It’s funny–having two little brothers still affects me as a grown woman. I went out to a wine tasting event with two of my guy friends tonight–one married, one single. I guess no matter what, I will always be the little sister. An easy target, as my brothers say. I had fun but it reminded why I need a boyfriend pronto. I was their target for everything for the night. I think perhaps I secretly loved it.
Willie Nelson has been on my mind for several reasons this week and in fact, I mentioned him tonight with my guys. It was his birthday this past weekend. He plays the night before my 35th, and I am in Willie withdrawal (get your minds out of the gutter). I usually go with my best friend every year to the Fillmore to see Willie. Talk about a soul shaking experience. Yes, the Beatles were prevalent in my house growing up. However, Willie and Merle and Waylon were always the three guests at the table. What’s so funny is Willie’s new stuff, for the most part is fantastic. That’s because he is still writing the songs. Like Crazy back in the 40s, Willie is first a songwriter, and second a guitarist. Unfortunately, Willie’s covers are occasionally, and in the case of Amazing Grace, a disappointment.
My Gram loved to hear me sing, and when my tiny family gathered, she would force me on display. Her two favorite songs were Amazing Grace and Danny Boy—two very interesting selections for a Presbyterian from Vancouver. But perhaps she knew how much I loved to sing them as well. The last time I sang for her was my parents 30th anniversary. My sister-in-law’s grandfather, a true-blood Scot, couldn’t believe that her request was Danny Boy, seeing as though it was an Irish tune. I sang the hell out of that song that night, and could barely get through it. Perhaps I knew it would be the last time in the home where I grew up, near the fireplace where I had been singing for 20 years, singing for her.
I am not sure why I am on a Willie kick today, but my favorite story, shortly after I sang, was when I visited Gram right after we moved her into assisted living–a decision we all try to not to acknowledge because even though it was right for her, she pretended she was not defeated. Anyway, I went to have dinner with her and in the elevator, a woman with twin braids and a red bandanna across her forehead rolled in. Gram acknowledged her and said, “Hello Willie!”. When we got off and sat down at our assigned table, I asked her if she had a new friend, trying to exude excitement into all we did that day. She looked at me dead in the eyes and said, “Are you daft? That woman looks like Willie Nelson, so that’s what I call her. Willie.” Enough said. Miss Mae had her say. You can’t argue with an 89 year-old genius.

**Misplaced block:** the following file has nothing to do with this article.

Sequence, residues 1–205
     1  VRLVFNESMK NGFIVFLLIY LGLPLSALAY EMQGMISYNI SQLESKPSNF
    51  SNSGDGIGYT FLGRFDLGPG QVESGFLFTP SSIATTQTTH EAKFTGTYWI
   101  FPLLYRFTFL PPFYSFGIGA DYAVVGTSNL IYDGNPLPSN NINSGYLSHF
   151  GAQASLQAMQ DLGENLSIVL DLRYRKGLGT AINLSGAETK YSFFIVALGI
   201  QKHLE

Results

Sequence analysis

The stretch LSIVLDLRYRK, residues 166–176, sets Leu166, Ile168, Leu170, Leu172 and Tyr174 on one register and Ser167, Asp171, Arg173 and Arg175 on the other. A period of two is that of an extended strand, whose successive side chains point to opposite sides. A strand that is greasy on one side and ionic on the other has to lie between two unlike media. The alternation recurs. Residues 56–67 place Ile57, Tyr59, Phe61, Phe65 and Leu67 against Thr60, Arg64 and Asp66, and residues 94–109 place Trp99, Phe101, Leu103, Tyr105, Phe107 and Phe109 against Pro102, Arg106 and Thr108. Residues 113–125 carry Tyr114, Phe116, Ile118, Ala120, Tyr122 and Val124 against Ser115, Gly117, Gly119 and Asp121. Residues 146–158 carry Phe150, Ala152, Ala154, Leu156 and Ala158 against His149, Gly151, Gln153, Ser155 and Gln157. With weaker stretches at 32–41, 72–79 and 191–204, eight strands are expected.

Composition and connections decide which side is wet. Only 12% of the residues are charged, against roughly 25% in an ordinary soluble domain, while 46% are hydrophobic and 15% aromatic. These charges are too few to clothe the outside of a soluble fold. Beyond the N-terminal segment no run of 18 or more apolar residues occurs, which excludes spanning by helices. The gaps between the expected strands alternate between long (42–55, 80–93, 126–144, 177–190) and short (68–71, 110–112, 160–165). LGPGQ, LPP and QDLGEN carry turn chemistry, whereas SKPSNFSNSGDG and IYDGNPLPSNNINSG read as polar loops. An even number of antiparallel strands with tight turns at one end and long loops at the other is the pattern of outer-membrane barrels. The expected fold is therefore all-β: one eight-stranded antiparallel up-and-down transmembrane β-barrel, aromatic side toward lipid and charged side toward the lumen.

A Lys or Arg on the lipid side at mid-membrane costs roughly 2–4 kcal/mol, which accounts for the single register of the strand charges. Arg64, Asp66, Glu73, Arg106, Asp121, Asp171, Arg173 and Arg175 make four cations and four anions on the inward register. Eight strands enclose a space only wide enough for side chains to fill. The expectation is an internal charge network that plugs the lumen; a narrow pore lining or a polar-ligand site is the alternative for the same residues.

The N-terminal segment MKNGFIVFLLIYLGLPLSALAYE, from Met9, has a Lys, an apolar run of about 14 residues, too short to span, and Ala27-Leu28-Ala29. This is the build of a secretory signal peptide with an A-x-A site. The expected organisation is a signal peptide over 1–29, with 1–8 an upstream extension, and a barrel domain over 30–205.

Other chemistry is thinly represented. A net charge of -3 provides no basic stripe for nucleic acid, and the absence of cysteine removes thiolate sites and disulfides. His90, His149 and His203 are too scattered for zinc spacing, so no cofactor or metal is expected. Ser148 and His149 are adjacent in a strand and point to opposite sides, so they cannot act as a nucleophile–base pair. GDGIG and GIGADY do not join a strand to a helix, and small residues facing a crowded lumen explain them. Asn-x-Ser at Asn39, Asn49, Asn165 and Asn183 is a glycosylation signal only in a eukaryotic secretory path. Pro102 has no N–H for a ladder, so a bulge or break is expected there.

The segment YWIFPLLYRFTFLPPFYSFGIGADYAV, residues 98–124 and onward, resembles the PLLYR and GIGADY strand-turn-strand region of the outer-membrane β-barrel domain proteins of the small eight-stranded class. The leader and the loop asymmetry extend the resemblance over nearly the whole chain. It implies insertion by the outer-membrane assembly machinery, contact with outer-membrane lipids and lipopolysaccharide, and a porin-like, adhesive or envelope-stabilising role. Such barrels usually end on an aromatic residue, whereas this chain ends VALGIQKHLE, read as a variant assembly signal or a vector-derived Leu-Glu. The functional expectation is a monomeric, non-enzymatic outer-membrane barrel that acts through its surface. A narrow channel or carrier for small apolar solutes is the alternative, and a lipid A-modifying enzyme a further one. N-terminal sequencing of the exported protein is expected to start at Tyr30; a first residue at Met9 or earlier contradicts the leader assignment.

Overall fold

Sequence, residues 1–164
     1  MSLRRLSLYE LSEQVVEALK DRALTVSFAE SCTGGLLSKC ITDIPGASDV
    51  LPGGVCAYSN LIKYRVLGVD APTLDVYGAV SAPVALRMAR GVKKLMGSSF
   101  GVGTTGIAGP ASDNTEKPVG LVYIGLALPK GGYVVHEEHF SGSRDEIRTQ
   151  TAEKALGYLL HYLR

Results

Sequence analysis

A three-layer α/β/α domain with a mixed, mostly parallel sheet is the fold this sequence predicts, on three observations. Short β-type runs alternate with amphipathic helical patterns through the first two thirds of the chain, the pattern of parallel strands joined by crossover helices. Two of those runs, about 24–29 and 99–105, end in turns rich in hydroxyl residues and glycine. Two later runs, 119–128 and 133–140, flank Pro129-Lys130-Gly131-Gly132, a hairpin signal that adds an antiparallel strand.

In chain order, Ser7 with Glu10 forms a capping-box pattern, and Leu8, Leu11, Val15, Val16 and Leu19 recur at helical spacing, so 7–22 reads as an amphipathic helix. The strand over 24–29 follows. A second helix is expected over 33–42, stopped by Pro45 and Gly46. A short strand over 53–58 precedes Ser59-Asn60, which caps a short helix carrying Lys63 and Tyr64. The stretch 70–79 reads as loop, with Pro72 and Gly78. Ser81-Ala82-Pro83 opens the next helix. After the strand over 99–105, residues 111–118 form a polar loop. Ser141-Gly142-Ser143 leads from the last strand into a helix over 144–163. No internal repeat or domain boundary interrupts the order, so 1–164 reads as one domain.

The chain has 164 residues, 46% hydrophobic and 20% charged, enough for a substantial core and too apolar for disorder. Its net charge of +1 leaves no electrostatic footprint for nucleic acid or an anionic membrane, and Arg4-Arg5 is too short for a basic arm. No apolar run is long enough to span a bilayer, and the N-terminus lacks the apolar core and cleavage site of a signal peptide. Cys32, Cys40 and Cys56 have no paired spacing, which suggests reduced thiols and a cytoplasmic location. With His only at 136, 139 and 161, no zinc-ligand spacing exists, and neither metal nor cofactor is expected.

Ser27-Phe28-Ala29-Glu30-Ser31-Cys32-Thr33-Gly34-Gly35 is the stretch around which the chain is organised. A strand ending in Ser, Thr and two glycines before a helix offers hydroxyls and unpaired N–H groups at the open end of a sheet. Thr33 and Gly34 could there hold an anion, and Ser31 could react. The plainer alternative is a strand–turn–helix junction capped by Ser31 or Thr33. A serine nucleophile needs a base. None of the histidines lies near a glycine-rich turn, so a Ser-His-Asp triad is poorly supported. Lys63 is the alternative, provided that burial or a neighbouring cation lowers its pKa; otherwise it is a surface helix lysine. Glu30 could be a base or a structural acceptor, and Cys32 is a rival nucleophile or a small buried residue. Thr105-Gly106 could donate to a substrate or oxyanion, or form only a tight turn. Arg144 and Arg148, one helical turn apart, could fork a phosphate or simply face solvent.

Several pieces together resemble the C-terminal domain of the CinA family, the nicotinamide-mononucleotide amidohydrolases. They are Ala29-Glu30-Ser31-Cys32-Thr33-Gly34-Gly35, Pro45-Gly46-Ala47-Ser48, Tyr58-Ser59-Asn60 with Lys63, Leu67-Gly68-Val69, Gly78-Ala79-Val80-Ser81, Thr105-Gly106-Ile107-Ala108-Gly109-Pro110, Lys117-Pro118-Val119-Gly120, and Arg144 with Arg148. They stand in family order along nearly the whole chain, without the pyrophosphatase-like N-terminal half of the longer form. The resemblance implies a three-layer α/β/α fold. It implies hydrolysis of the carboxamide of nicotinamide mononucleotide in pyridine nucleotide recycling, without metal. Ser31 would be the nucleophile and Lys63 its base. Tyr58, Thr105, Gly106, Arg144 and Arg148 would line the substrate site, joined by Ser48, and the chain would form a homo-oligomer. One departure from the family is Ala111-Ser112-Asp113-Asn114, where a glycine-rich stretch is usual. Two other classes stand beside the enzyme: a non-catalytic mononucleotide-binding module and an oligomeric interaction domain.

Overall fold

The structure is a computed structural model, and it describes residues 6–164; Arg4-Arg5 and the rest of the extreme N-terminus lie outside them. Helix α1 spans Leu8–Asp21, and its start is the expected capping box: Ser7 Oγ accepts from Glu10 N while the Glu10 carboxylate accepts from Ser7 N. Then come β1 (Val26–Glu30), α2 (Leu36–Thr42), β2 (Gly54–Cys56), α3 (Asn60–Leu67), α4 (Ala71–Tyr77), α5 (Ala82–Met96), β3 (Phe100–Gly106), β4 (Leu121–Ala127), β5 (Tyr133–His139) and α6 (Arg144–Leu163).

I wish she could have met Quinn, my parent’s new puppy. Or Darby for that matter. She had Darbs and my brand new nephew Parker on her wall next to her chair. I cannot believe that was four years ago. She used to feed our dog Maddie scraps under the table. Maddie hated everyone except for my parents and occasionally me. But she loved Gram because she knew she was the one who threw bits of chicken and potatoes and bread from the tabletop.
Quinn this weekend fought me holding her, anytime my mom was free. Perhaps that’s what we do. We fight for those we want to be closest to, even if it’s at the sake of those we love. I just squeezed her tighter, like I do with my nephews or niece. She watches mom like her life depends on it. Well, perhaps as a new puppy, her life does depend on my mom. She pretended well to like my dad, especially when he wrestled her and took a baby fang to the forearm, but really, she loves mom.
One more story, I promise. It’s my favorite. I can’t listen to Hank and not think of a ten-gallon hat. In fact, it’s my dad’s favorite story ever. We were all in the elevator going up to my Gram’s room. She was in the back; walker with tennis balls on the front legs. A bunch of people got in, including a tall gentleman in a cowboy hat. My dad leaned in to her and said, “Tight quarters, huh Mum?” and her response, I swear to everything, was “Well, we’d have a hell of a lot more room if someone removed their damned hat”” Her words echoed off the doors of the elevator. Anyone with a hearing aid set at above low heard her loud and clear.
Isn’t that what we wish for? To speak our minds loud and clear? I wish I had that much guts. Maybe I need another 53 years to get there. Slowly and surely, I’ll get there.
Amazing Grace–Willie Nelson
Sing a Simple Song–Sly and the Family Stone
Gone at Last–Paul Simon
Lost Highway–Hank Williams
Exit Music (For a Film)–Radiohead